What is Financial Risk Management?
According to Wikipedia, Risk management is the identification, assessment, and prioritization of risks followed by coordinated and economical application of resources to minimize, monitor, and control the probability or impact of unfortunate events.
Risk management is not easy, except at a particular time in all of our lives.
When is risk management needed?
We should all move to safety as we transition from working life to retirement because losses in the Risk Zone can ruin our lifestyle in retirement.
This phenomenon is called “Sequence of Return Risk” that documents how standard of living can be diminished by losses in the Risk Zone even if markets subsequently recover.
Many near retirement in 2008 lost more than 30% of their savings, and have not yet recovered despite the recent 250%+ run-up in the US stock market.
How about market timing?
Market timing currently reinforces the need for protection because the current stock market rally is the longest on record and has led to very high stock prices.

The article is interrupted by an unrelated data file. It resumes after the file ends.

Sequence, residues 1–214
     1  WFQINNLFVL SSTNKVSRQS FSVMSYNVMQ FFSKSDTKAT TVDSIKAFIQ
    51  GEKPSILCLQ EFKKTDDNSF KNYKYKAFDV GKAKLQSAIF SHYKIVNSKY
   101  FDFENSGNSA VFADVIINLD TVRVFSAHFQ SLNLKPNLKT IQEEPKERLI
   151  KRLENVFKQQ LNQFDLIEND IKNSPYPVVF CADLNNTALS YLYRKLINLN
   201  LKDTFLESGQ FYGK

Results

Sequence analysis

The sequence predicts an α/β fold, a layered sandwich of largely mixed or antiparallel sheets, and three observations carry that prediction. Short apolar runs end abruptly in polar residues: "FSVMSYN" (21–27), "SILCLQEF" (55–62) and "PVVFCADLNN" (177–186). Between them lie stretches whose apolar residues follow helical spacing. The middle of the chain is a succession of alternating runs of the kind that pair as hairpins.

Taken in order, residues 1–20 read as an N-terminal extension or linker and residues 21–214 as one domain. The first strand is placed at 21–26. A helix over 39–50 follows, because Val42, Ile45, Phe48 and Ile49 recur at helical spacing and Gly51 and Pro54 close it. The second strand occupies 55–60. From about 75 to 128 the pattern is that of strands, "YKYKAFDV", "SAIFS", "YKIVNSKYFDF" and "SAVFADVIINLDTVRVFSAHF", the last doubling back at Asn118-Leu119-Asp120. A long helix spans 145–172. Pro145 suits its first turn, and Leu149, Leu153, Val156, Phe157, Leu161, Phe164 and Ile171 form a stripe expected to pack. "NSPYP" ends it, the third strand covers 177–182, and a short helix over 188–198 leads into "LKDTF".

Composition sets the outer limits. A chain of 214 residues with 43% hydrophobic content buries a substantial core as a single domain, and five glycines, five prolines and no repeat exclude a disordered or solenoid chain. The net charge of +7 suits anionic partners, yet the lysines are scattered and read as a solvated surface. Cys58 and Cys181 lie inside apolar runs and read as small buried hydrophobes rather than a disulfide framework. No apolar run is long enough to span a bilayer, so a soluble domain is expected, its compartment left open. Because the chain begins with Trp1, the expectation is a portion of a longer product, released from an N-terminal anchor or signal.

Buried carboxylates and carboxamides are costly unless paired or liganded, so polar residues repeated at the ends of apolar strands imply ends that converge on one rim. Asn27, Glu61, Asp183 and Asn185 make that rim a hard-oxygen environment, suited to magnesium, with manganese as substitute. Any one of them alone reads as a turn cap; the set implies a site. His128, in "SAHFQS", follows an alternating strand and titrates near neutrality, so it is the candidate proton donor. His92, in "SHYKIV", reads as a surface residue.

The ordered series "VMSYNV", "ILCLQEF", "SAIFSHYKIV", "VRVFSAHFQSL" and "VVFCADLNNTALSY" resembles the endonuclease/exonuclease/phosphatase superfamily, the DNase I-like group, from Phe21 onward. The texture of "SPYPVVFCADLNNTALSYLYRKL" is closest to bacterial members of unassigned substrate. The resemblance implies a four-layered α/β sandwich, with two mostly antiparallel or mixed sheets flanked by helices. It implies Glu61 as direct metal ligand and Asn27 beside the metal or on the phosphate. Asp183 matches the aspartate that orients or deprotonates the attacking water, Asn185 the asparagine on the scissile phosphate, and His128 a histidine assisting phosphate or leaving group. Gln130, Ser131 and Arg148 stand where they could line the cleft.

The imminent market meltdown that many expect soon will harm Boomers much more than everyone else. Those outside the Risk Zone have a reasonable chance of recovering, just as they have recovered from 2002 and 2008, but Boomers are not so lucky, and like all of us, they only get to pass through the Risk Zone once.
In other words, risk management argues for safety for Boomers, and so does market timing.
How safe is “safe”?
We believe that no more than 30% in stocks and bonds is safe, with the balance in Treasury Bills and intermediate term Treasury Inflation Protection Securities (TIPS).
You might disagree, but we would recommend an upper limit of no more than 50% in stocks and bonds. According to a recent Fidelity study, a 50% risky portfolio has the following history over the past 30 years, so in essence we’re recommending that you limit losses to 17.67% in a 12-month period. Less risk provides greater protection.
For reference, the typical Individual Retirement Account (IRA) and the average TDF for those near retirement is 55% in stocks and 25% in long-term bonds, so 80% in risky assets. The Fidelity study reports the following history for this allocation. You could lose more than half your savings in a 12-month period.
In other words, there really is no risk management in IRAs and TDFs, but there should be.